They may be worrying about it in some quarters of the country, but concern about a housing bubble is not even on the radar when it comes to the Manitoba market.
For all sorts of fundamental supply and demand reasons, Canada Mortgage and Housing Corp. is predicting a strong bounce back from the ragged 2009 housing start numbers in Manitoba in its third quarter Housing Market Outlook issued Tuesday.
CMHC forecasts 5,125 new starts in Manitoba in 2010, a 23 per cent increase from 2009; in 2011, it expects a slight pull back to 4,950 units.
Mike Moore, executive director of the Manitoba Home Builders Association, said the agency's vote of confidence is exciting.
"It would be absolutely fabulous to top 5,000," he said. "At the beginning of the year that was beyond our wildest expectations."
At that time, the provincial organization was shooting for 4,800 new home starts (including multi-family dwellings). But continuing strong demand and sales combined with a resilient provincial economy has kept home builders busy.
That's why a debate over whether Canada has a housing bubble that could crash the country's fragile economic recovery does not seem to apply in this province.
The Canadian Centre for Policy Alternatives raised the bubble spectre Tuesday, noting recent national data showing prices remain about 15 per cent higher than last year while sales peter out.
It warns there are bubbles hanging over six of Canada's hottest real-estate markets -- Vancouver, Edmonton, Calgary, Toronto, Ottawa and Montreal. It says those markets are in bubble territory for the first time in 30 years -- and a U.S.-style correction is still not out of the question if big housing price increases collide with a sharp gain in mortgage rates.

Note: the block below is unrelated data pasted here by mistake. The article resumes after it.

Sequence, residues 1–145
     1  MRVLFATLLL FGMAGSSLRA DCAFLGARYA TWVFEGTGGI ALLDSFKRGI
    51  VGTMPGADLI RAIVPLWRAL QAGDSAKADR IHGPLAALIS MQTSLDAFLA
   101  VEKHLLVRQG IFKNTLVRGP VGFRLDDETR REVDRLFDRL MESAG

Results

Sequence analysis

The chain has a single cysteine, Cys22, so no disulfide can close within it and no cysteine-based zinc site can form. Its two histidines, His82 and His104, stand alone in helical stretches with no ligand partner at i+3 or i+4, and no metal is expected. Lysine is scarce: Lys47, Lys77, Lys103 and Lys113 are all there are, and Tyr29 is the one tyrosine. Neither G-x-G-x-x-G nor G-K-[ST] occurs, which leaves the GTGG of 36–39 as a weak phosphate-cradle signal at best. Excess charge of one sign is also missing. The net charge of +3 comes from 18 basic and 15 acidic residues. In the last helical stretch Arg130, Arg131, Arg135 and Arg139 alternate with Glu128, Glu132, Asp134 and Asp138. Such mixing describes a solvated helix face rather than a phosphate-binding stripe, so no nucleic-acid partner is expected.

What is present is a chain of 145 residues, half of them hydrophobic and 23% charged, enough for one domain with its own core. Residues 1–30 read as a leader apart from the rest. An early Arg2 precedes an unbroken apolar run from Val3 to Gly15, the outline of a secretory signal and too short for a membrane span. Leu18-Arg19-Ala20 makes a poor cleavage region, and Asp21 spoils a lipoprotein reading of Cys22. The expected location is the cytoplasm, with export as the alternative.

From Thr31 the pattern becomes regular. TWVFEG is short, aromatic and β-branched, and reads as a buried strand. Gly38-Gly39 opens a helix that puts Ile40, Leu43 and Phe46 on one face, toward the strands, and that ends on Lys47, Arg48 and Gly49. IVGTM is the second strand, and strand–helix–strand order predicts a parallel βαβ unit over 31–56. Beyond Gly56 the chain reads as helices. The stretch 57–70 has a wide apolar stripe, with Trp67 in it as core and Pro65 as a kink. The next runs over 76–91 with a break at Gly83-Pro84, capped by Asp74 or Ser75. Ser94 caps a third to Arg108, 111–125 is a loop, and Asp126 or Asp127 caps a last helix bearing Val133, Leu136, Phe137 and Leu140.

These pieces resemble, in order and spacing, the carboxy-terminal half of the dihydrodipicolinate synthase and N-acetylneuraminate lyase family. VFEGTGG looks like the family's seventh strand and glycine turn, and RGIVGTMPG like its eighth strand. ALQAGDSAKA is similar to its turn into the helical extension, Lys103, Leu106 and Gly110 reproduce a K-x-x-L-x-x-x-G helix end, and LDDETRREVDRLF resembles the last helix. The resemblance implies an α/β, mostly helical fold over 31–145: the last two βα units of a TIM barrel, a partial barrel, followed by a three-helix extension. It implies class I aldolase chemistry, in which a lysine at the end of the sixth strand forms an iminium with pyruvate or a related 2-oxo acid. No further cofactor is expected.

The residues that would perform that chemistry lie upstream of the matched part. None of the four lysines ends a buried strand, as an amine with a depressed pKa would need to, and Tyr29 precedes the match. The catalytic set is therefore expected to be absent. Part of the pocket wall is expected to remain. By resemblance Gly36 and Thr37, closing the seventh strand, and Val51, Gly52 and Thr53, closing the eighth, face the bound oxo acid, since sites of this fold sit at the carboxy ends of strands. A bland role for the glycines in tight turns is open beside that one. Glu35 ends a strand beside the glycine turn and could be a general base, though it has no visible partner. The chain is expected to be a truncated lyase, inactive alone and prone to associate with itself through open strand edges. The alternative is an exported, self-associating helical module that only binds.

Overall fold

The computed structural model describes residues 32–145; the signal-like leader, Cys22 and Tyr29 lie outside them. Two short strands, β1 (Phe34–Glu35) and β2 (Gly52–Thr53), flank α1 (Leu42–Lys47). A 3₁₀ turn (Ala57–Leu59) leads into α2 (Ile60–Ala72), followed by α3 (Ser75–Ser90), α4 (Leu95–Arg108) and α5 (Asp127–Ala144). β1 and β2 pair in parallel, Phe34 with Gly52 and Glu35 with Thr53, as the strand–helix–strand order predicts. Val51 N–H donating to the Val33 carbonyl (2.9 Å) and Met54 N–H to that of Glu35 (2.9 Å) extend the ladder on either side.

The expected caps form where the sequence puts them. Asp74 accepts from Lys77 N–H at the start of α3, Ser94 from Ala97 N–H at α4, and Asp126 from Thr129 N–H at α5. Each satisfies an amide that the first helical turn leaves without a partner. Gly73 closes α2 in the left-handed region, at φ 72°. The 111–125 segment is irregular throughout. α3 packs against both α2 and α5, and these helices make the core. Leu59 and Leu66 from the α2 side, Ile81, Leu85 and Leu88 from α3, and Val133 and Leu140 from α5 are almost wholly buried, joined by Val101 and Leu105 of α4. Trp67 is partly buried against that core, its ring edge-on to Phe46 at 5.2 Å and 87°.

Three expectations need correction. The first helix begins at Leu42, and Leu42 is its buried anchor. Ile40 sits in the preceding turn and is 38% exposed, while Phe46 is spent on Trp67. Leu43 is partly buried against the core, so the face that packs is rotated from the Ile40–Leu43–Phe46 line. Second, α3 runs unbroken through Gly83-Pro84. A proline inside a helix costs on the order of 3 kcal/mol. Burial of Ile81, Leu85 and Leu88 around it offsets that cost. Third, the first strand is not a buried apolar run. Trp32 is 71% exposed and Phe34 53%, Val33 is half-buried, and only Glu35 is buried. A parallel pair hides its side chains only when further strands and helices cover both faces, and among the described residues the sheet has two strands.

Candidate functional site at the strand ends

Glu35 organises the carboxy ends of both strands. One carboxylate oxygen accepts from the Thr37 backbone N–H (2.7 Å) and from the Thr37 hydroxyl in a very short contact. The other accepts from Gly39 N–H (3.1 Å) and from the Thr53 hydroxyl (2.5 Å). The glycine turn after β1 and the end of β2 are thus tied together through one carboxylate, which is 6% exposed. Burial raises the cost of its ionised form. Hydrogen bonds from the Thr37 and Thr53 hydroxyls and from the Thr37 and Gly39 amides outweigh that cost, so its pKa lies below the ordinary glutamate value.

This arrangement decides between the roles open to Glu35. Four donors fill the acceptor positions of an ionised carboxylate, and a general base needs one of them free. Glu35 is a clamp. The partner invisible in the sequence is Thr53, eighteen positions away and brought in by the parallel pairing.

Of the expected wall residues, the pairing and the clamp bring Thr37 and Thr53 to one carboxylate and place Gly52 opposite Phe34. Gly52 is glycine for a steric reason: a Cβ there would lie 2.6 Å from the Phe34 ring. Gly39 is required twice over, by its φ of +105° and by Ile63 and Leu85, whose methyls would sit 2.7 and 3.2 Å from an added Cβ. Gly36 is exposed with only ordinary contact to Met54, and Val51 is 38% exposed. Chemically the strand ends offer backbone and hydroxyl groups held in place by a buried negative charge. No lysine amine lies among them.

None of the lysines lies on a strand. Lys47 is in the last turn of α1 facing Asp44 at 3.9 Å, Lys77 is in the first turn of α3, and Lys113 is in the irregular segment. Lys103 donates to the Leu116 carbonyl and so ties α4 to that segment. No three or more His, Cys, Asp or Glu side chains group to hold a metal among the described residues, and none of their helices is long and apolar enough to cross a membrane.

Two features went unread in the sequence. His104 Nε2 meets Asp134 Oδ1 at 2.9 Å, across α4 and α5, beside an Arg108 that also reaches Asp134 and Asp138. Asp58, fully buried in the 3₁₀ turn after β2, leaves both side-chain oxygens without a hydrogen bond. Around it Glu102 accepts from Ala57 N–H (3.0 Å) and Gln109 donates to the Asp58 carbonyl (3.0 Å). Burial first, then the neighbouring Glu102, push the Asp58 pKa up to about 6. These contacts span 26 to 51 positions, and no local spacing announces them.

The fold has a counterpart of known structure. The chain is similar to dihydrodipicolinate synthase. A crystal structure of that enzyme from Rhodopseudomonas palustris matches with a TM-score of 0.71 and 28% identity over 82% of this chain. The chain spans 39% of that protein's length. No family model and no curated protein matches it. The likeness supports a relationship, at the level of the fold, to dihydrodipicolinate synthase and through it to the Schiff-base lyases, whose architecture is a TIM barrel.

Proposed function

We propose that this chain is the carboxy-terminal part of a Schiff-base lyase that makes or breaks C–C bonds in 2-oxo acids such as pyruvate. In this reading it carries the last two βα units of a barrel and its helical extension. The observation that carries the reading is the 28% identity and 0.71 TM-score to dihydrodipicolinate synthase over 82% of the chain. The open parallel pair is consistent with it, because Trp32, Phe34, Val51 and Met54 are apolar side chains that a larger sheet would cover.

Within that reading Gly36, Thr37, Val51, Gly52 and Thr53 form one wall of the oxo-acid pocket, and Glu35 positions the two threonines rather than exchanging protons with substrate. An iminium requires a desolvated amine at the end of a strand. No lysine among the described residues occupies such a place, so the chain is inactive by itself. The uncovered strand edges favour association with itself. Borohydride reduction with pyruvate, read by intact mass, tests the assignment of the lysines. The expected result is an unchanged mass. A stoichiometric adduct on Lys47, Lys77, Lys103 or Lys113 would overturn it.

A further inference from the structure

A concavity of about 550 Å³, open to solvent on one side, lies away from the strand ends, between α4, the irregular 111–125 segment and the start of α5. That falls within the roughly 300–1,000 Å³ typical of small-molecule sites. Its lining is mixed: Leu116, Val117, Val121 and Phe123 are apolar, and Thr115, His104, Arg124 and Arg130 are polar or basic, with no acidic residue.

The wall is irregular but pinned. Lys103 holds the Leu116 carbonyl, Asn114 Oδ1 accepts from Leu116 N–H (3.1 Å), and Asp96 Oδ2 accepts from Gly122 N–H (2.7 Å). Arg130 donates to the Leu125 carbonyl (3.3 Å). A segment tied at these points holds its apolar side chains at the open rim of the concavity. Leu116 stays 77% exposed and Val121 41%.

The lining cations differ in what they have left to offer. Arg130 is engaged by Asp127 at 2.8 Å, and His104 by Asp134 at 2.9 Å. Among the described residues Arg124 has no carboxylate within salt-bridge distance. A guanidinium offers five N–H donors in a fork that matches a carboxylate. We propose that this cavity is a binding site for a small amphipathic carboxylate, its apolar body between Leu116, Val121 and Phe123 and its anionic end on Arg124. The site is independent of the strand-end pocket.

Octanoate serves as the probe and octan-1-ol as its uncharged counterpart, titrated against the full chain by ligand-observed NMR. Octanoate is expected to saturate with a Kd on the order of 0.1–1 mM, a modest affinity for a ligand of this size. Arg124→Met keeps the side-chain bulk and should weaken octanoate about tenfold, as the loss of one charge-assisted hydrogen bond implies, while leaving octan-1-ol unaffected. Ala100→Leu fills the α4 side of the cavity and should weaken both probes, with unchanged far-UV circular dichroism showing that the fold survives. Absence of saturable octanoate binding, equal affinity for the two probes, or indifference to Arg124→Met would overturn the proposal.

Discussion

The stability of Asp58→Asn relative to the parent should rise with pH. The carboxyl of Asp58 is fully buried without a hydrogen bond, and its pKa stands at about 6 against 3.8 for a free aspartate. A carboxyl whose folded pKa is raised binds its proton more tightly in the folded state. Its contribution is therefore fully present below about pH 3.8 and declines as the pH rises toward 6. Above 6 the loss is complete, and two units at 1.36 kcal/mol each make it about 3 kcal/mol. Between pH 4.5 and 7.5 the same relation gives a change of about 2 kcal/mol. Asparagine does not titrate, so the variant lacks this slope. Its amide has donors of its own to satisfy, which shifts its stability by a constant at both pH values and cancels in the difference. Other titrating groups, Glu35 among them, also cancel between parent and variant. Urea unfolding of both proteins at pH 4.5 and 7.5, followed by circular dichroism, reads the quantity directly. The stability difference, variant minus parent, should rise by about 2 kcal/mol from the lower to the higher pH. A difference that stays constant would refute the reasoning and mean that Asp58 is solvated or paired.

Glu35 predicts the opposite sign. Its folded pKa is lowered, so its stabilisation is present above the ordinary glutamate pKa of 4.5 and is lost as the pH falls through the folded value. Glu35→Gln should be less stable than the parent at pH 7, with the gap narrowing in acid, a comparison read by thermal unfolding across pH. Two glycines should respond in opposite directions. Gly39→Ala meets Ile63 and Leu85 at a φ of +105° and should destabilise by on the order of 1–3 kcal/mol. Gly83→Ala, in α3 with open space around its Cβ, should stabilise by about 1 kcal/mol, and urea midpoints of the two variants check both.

The centre's report says the steep rise in prices -- which sit at 4.7 to 11.3 times Canadians' annual income in many cities, much higher than historical levels of between three and four times income -- is an "accident waiting to happen."
It would take only a one to 1.25 per cent mortgage rate increase to cause a housing crash similar to the one the U.S. is grappling with, said David Macdonald, author of the report.
However, many economists have concluded Canada's once-overheating housing market, which began to cool in the second quarter of the year, has stopped just shy of a bubble.
And the C.D. Howe Institute dismissed the possibility in a report of its own Tuesday, concluding that Canada's cautious mortgage lending policies will protect against a housing crash similar to the one that's hammered the U.S.
Bubbles generally occur when housing prices rise faster than inflation, incomes and economic growth, until they reach unsustainable levels and a collapse in prices is triggered.
But at least as far as new housing starts in Manitoba are concerned, Moore said it is a return to more reasonable numbers from around 2005 with price increases and inventory in line with supply and demand.
"We are not worried about a bubble here," he said. "This is just a return to more proper numbers."
There has been plenty of volatility in the last few years, with housing starts getting up to 5,700 units in 2007, falling slightly in 2008 and then dramatically in 2009 as the world struggled with a recession. Moore said this year's forecast will not be too taxing for the industry.
"It's the right number for the market," he said. "Everyone is busy." If immigration and population growth forecasts for Manitoba continue to hold, demand will be strong, he added.
CMHC is forecasting average resale prices will increase by 8.5 per cent in Winnipeg this year to $225,000 and by 2.2 per cent in 2011.
-- with files from the news services
Housing starts, according to Canada Mortgage and Housing Corp. (forecast*):
Place 2007 2008 2009 2010* 2011*
Canada 228,343 211,056 149,081 184,900 176,900
Manitoba 5,738 5,537 4,174 5,125 4,950
Saskatchewan 6,007 6,828 3,866 4,725 4,900
Alberta 48,336 29,164 20,298 28,450 30,700